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Wounded warrior shares story

Posted: April 5, 2012 1:55 a.m.
Updated: April 5, 2012 1:55 a.m.

Sgt. Leshonda Gill, left, a member of the “Tempered Steel”, Wounder Warrior Speaker Program gets a hug from Jasmine Rose, 17, at the podium as Gill speaks about her troubled youth and career in the military to a group of local young people at the Santa Clarita Activities Center in Santa Clarita on Wednesday.

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Leshonda Gill, then a chemical operations specialist for the Army, was 26 years old in 2003 when her convoy was hit by an explosion in Iraq.

But the former sergeant told a group of foster and at-risk youth Wednesday that the hardest decision of her life did not come during the attack. It came years later, when she had to ask for help getting herself off the streets of Washington, D.C.

Gill was traveling in Iraq in 2003 with a convoy of vehicles when the Humvee in front of her was struck by an explosion.

She wound up driving her Humvee into the side of a building in an attempt to protect the rest of the troops, but the explosion killed eight of the 24 troops she was traveling with.

Gill lost most of her teeth, a kidney, part of her intestines and her spleen in the attack, but her hardest moments came in the years after the attack, when she found herself suffering from post traumatic stress disorder.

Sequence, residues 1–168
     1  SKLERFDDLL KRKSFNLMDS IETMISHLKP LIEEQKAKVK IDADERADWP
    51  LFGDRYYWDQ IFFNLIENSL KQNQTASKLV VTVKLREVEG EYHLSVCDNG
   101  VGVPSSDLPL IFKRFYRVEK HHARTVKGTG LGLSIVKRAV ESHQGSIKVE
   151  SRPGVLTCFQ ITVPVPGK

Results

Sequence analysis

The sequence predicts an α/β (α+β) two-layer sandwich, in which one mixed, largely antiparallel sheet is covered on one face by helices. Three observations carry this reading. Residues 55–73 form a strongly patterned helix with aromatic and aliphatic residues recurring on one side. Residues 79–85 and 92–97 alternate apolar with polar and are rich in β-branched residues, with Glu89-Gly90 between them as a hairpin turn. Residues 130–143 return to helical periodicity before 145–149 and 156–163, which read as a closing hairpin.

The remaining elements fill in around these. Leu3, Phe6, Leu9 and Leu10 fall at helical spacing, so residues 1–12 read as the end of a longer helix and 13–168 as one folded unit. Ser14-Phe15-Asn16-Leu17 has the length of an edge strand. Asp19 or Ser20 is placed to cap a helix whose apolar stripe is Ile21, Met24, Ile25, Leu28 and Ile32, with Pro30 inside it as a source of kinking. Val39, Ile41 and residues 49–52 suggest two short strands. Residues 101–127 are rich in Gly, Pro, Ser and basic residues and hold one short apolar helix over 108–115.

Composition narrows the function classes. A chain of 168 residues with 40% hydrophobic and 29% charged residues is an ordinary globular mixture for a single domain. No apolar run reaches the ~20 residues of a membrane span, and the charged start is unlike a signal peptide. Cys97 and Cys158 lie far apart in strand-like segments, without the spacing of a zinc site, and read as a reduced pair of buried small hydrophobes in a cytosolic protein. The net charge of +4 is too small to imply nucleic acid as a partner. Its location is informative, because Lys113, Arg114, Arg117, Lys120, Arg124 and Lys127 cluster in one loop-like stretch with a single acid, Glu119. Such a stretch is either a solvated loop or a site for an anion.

At first, Gill didn’t know what was wrong with her, but she eventually realized that she had PTSD.

“It took a long time for me to get it,” Gill said.

By then, she said, she had lost everything and been homeless twice after leaving the Army.

Last November, when Gill was facing eviction, she said she came dangerously close to throwing herself out a window. But instead she pulled herself together and called for help.

She is now living in a transitional home for women veterans in Los Angeles and is telling her story as a member of the “Tempered Steel” Wounded Warriors Speaker Program.

Gill spoke to about 50 youngsters Wednesday at the Santa Clarita Activities Center in an effort to inspire and motivate them to follow their dreams and stay out of trouble.

Despite the physical and emotional wounds Gill experienced during her time in Iraq, she said, the Army helped turn her life around.

Both her parents had died by the time she was in high school, and she found herself shuttled from one home to another. She started hanging out with the “wrong crowd” and was shot twice when she was 16.

People told her she wouldn’t make it to her 18th birthday, she said.

“I joined the military for a reason, and that was to prove everyone wrong,” Gill said.

Gill wanted to make sure each child knew he or she was important and each had the courage to believe in himself or herself.

“I want you to leave out this door knowing that tomorrow you’re still important,” Gill said.

Her story seemed to resonate with many of the youth — ranging in age from 9 years to 19 years old — with more than one asking for tissues to stem their tears during her speech.

“(The speech) taught me a lot about my self-worth and how to positively impact other people,” said Daisy Galvez, a 17-year-old student at Academy of the Canyons.

Juan Beristain, 11, said Gill taught him to believe in himself.

“You should always trust yourself and you should never give up on yourself,” Beristain said.

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